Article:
Risk Management

The Profession

Roger Andrews on playing dodgeball in the barn rafters.
By: | September 2, 2014 • 4 min read

R&I: What was your first job?

It was as a dishwasher at the Log Cabin Diner in Newport, Maine, where I grew up. Everyone called it “The Little Place with the Big Plate” because it served such a heaping amount of good seafood. I’m still washing dishes for my family.


R&I: How did you come to work in risk management?

I sort of backed into it. Early on, I wanted to go to law school, and worked at the Travelers as an underwriter in the San Diego office and in the international department in Hartford to help pay for it.

My wife and I wanted to live in Maine, where I ended up at the Maine Bureau of Insurance managing the property casualty division right out of law school. I got to know the executive secretary to the advisory board, who was ready to retire. I won the position, where I essentially placed the state’s insurance and later drafted legislation to create a state risk management division.

Roger Andrews, director of risk management for E.D. Bullard

Roger Andrews, director of risk management for E.D. Bullard

R&I: Who is your mentor and why?

I really do have a lot of mentors … Steve Wilder at Disney is one. I really admire the work he does and the service he gives. Mark DeLillo [director of risk management for builder and land developer Taylor Morrison] is another. He got me involved in RIMS on a national level, inviting me to chair a task force to rewrite RIMS’ constitution and bylaws. And Susan Meltzer, [vice president of risk] at Aviva Canada, always has the answer when pressing issues arise.

R&I: What about this work do you find the most fulfilling or rewarding?

I’m motivated by accomplishment. I am proud of the work I have done at Bullard. In addition, a few years ago while working for Bullard I did some consulting for a company that faced imminent bankruptcy over 200 lawsuits.

Within five months I got them dismissed from nearly every case. Management was told by their agent of 25 years that he could not find a record of their old insurance policies. I did the archiving and found 10 policies in critical exposure years. These insurance policies helped them cover defense costs while I was working to get the cases dismissed.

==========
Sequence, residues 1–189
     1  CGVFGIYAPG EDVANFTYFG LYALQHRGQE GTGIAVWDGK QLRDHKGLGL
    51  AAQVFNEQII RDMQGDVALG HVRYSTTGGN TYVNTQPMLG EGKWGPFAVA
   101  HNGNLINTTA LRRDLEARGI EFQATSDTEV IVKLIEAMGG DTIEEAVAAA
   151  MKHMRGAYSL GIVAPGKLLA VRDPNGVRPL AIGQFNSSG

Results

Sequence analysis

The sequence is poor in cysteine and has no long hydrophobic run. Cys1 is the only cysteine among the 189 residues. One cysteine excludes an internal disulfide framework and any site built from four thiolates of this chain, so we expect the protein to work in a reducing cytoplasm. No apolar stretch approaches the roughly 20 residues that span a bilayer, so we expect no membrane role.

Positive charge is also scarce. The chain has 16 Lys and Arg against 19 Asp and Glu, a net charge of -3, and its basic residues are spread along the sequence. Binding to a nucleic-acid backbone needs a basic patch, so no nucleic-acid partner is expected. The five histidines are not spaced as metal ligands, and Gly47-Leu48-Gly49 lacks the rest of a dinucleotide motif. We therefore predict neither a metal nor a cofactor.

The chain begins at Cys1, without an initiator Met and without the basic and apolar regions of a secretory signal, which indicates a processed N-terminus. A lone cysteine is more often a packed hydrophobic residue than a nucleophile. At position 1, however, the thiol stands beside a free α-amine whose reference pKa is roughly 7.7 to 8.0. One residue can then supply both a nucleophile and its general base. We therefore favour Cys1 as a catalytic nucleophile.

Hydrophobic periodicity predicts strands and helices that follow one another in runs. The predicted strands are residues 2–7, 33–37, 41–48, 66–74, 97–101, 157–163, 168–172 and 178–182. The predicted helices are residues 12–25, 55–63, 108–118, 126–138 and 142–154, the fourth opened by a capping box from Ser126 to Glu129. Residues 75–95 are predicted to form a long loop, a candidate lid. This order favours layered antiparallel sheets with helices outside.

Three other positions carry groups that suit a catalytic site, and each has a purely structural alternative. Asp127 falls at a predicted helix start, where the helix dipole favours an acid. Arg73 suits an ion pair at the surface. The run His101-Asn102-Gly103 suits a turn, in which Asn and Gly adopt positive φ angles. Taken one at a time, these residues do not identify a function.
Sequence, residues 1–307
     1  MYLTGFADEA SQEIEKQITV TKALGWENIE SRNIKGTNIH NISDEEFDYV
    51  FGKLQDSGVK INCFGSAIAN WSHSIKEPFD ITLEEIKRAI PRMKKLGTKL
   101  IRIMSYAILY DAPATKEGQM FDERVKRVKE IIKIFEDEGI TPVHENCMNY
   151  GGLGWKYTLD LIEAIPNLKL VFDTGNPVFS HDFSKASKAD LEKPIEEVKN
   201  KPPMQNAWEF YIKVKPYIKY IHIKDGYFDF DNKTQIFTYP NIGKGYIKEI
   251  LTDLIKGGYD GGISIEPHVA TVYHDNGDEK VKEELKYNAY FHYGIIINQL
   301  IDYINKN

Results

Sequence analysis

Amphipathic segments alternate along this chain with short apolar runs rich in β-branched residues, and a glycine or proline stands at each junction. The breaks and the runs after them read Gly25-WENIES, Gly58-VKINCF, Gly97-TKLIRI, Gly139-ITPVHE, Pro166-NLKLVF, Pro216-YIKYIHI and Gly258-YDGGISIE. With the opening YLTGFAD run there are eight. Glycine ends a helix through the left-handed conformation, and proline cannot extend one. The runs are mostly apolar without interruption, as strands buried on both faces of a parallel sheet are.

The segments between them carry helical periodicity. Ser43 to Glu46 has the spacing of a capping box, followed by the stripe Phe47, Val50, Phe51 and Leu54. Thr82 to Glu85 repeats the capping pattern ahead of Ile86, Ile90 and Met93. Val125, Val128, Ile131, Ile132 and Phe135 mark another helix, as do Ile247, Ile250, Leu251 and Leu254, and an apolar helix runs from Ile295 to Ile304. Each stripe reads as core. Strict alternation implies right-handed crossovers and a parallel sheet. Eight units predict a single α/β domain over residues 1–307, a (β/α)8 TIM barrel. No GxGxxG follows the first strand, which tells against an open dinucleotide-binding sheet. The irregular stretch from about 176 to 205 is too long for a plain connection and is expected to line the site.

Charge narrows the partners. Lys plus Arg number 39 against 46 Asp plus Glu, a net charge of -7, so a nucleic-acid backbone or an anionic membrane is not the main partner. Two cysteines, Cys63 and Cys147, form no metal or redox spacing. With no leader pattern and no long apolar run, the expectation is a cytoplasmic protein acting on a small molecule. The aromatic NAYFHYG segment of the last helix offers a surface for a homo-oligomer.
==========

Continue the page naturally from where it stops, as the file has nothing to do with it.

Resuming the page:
The company had three very high-priced law firms involved and they were making no progress in getting dismissals but were charging enormous fees. I replaced those three law firms with two in the relevant states. Within six months, the company was back on its feet and focusing on manufacturing its products. I’ve loved doing stuff like that.

R&I: What do your friends and family think you do?

Eighty to ninety percent of my time is spent on managing litigation, so they seem to think I do legal work. This is accurate, I guess. However, risk management is much broader than that.

R6-14p42_Profession.inddR&I: What is the risk management community doing right?

It’s seeking education on different issues and growing in terms of the body of knowledge risk managers need to be proactive in their jobs.

R&I: What could the risk management community be doing a better job of?

I think we could be doing a better job of communicating the value we bring to our respective entities, public or private.


R&I: What emerging commercial risk most concerns you?
Cyber risk. Second to that: Supply-chain risk.

R&I: What is the most unusual/interesting place you have ever visited?

I really like Sydney, Australia. I spoke there as newly elected RIMS president. My wife and I did some hiking and stayed at Darling Harbor and it’s very scenic and diverse.

R&I: What’s been the biggest change in the risk management and insurance industry since you’ve been in it?

The emphasis on enterprise risk management.

R&I: What insurance carrier do you have the highest opinion of?

Several are highly rated in my mind for different reasons. We have a long-term relationship with surplus lines carrier Admiral Insurance Co., for instance, and a great relationship with Chubb, which is very customer-friendly. Fireman’s Fund is another company we’ve had a long-term relationship with, which we use for property.

R&I: How much business do you do direct versus going through a broker?

None at all right now. We’ve done workers’ comp on a direct basis, but not of late.